Best Ways to Trade Stocks

Unlike a salaried job – the financial reality that most of us are familiar with – there’s no guarantee of earning money with the stock market. There’s no security cushion, no ‘minimum wage,’ and not anything even resembling a way to insulate yourself from risks. While the stock market may be the place where fortunes are made, it’s often the place where money is lost, often by new investors.

It’s unfortunate, but it certainly happens. Brimming with enthusiasm and pocketing a small deposit to invest, a new stock market investor approaches the market without having done their research. A single stock buy happens and before you know it, it’s gone. They walk away with no enthusiasm, a shadow of the happy, enthusiastic, optimistic, and hard-working investor that they planned to be.

This story sounds like a tragic plot from a finance film, but it’s a reality that’s played out on stock markets throughout the world every day. Investors that lack experience or realistic expectations in the markets end up losing money, only to never return again. It’s a curse – negativity hits early, and as a result a promising trader ends up losing enthusiasm and hope, abandoning stock trader entirely.

Today, we’re going to look at how you can prevent this, and how you can learn the best ways to trade stocks in order to keep it from happening. Even as a newbie, it’s important that you learn a selection of the best ways to trade and hold stocks. This can help you keep trade fees down, keep your earnings up, and generate massive returns on your otherwise minute initial investments.

Let’s start with loss minimization, not just from your stocks, but from your trades. Working with a full-service stock broker can cost you a pretty penny, both in commissions and in the cost of doing business. Instead, it’s best to start with a discount stock broker. These are brokers that only deal in sales and stock purchases, and don’t offer any advice or information to their traders in any form.

The end result of this is that while you’ll gain less information, you’ll also end up with fewer fees associated with your trades. The vast majority of brokers can offer useful information, but it’s not information that can’t be found elsewhere. Trust in your own research, even as a beginner, and let your broker take care of transactions and stock management, not act as an unwanted advisor.

Here’s a second tip for improving your stock trading skills – start ignoring the ‘hot stock’ alerts you get pitched on so often. Many beginners make the mistake of subscribing to a stock newsletter and sticking rigidly to the advice that it offers. They buy stocks that are recommended, ignore all other options, and end up wondering why their ‘best picks’ ended up failing to perform, or losing money.

The reason, as you may expect, is that when these stocks are ‘highlighted’ by a newsletter, they are often flooded by other investors, pushing the price up and driving returns down. They’re also never great options in the first place. The best stocks are often hidden in the rough – ‘diamonds’, to speak. If a stock is highlighted in a newsletter, it’s unlikely to really be an undervalued, worthwhile stock.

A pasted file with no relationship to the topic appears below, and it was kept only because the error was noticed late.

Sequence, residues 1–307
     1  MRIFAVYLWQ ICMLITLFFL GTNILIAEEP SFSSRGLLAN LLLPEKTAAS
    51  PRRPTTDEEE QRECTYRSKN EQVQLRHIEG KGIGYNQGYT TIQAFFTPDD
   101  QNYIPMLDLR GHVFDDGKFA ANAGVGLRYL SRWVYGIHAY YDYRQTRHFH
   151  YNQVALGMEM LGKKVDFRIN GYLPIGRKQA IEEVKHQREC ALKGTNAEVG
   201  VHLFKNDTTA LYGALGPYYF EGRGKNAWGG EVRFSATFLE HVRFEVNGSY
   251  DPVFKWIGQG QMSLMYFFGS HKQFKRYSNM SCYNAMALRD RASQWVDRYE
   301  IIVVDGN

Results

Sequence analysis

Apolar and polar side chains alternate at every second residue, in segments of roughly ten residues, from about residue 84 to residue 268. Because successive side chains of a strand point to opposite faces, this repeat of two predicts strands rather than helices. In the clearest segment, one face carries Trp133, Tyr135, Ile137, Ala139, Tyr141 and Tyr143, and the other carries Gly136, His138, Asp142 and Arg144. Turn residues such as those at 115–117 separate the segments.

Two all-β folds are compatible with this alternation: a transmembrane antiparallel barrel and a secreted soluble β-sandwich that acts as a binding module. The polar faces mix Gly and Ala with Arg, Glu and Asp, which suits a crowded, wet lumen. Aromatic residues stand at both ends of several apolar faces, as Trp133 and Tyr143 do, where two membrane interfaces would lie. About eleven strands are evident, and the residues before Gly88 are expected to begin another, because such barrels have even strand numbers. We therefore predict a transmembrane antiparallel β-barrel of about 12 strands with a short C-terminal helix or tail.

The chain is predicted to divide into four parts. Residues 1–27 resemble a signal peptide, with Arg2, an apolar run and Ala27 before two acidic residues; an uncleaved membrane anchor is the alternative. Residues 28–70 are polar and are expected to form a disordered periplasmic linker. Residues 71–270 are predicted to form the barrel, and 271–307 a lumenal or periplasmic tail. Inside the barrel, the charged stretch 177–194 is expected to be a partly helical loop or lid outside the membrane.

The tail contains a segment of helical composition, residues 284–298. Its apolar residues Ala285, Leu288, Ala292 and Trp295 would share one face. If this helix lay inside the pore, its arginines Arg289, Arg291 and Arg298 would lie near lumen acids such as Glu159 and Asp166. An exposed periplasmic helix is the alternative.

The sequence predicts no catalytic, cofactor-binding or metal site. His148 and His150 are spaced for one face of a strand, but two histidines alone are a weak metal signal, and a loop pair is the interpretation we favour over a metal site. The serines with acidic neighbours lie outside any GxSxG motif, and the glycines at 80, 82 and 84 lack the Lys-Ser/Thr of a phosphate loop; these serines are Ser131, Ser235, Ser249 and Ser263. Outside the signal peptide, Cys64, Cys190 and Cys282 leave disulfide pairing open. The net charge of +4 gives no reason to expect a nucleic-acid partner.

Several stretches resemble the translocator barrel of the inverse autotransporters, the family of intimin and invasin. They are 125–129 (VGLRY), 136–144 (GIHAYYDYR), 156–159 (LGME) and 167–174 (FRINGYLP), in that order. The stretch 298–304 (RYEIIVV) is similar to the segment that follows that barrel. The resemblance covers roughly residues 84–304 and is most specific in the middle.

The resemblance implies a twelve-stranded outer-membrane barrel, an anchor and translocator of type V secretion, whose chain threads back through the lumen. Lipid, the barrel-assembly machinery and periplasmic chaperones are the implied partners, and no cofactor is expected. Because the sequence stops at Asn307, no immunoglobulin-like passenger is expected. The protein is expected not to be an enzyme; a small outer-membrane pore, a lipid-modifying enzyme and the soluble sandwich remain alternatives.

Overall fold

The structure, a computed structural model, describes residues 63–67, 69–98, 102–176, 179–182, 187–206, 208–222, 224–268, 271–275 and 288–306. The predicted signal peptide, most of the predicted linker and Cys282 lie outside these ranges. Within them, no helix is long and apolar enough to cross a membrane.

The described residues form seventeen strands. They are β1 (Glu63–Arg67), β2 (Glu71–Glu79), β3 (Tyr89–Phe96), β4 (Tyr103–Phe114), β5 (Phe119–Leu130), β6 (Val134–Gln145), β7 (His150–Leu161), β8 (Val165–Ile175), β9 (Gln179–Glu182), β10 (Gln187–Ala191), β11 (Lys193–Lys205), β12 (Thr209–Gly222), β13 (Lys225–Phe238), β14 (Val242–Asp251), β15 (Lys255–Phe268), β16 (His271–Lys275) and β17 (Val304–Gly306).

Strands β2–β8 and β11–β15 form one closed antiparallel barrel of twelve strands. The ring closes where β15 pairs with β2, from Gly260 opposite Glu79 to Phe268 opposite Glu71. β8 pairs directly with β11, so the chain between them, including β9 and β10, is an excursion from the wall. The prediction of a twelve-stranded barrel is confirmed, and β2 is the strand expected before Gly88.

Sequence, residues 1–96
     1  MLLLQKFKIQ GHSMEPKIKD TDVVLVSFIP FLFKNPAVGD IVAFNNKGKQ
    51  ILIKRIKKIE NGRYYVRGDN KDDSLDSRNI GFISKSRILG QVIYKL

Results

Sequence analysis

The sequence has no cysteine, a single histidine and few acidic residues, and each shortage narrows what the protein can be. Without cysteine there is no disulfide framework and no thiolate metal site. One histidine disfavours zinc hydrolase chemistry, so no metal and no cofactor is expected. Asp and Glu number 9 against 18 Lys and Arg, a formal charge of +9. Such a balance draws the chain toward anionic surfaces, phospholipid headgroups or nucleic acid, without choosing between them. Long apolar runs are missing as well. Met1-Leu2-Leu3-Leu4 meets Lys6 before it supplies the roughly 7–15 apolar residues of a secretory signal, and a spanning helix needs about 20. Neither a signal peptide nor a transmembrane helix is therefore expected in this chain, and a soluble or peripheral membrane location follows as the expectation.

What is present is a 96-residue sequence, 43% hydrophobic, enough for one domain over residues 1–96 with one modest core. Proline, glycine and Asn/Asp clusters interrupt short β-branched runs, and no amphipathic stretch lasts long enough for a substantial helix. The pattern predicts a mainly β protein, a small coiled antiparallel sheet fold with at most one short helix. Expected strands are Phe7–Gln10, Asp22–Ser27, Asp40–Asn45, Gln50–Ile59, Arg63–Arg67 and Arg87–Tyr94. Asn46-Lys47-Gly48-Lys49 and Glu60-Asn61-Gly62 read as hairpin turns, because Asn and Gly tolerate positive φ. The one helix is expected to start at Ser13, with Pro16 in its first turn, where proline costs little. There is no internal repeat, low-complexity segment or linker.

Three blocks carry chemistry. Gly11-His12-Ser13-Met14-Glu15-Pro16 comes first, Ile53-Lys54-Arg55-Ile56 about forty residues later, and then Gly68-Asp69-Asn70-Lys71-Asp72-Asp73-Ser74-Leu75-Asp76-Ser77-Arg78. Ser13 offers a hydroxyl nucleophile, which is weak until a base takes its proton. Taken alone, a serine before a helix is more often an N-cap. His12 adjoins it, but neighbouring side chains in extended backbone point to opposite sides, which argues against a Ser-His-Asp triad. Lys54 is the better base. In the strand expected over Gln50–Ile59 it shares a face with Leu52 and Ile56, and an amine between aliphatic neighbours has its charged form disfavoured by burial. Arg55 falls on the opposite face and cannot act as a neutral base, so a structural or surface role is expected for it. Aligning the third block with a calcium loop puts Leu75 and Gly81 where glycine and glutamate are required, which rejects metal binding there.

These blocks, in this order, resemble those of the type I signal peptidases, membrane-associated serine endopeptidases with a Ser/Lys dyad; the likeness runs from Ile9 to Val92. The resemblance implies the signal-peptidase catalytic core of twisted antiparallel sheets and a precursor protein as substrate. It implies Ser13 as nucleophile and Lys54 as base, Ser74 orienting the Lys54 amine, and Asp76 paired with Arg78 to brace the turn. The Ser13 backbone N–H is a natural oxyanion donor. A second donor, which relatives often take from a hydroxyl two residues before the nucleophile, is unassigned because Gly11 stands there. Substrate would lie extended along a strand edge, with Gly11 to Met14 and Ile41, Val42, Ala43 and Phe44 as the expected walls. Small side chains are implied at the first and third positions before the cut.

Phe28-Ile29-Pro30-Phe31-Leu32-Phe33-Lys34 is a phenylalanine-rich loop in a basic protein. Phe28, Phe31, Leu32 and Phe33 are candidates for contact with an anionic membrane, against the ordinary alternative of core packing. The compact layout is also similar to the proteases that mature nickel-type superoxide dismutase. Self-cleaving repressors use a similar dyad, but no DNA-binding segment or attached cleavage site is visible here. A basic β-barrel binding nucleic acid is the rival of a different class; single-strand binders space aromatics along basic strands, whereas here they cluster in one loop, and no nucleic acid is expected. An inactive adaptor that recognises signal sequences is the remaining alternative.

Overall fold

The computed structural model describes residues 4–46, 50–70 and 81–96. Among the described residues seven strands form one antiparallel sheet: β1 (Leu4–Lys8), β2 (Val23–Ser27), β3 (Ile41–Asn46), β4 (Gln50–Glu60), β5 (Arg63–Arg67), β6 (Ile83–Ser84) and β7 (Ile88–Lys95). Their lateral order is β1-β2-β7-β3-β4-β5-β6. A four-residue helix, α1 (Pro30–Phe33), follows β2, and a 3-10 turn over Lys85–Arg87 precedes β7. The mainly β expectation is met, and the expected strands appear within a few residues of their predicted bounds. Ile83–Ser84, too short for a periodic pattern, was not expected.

Here’s another way to improve your stock trading abilities – invest as much time in research for all the stocks you buy as you invest in initial purchases. The biggest mistake many newbies make isn’t failing to invest at all, but rushing into the market without doing their research. Look at how a stock has performed historically before you buy, and even look into the company associated with it.

This will allow you to spot long-term trends that other investors will miss, giving you opportunities to profit where others won’t be there. The greatest returns on investment in the stock market rarely come from ‘big names’ and well-known companies. Instead, they come from smaller, lesser-known companies that have been deeply researched by the investors with large amounts of stock in them.

Let’s touch on one more effective stock trading point. It’s important that you don’t spread yourself too thin on the market, but it’s just as important not to become too focused. A deep focus on a few small companies could result in you losing all of your money if the market fails. Likewise, a wide focus can spread you so thin that you never see any real gains, purely due to your diverse portfolio.

Instead, find the comfortable midpoint, in which your investments are varied enough to insulate you from risk, yet still targeted enough to have the potential to produce big returns. This is where you want to be – right in the comfortable yet lucrative middle zone – as it allows you to both earn and protect your assets. These are both essential investment characteristics for new stock traders.

It’s always possible to improve the way you trade stocks, even with a refined and optimized process on your side. Constantly take notes of what’s working for you and what isn’t, and even monitor how a change in your process effects results. This is the type of analysis and change that can make you a top trader. Build your best way to trade stocks, and you’ll never see suboptimal results again.

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